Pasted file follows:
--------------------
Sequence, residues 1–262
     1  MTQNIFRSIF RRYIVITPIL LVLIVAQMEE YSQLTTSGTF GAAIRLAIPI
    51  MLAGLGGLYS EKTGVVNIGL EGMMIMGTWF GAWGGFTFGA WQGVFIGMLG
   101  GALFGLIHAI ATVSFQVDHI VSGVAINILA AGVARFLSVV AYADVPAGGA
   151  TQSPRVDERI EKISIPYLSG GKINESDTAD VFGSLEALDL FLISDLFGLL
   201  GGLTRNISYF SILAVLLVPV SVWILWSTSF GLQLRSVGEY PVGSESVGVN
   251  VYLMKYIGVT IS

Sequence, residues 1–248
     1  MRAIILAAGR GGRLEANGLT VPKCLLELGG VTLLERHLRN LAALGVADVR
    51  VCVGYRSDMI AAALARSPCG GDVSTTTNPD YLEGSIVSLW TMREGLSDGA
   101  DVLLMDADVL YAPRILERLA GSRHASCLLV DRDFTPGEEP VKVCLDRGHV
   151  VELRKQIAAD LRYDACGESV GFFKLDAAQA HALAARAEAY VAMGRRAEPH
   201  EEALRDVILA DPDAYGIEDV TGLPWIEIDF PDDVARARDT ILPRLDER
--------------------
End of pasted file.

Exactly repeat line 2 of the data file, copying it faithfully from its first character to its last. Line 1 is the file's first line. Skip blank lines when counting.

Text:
     1  MTQNIFRSIF RRYIVITPIL LVLIVAQMEE YSQLTTSGTF GAAIRLAIPI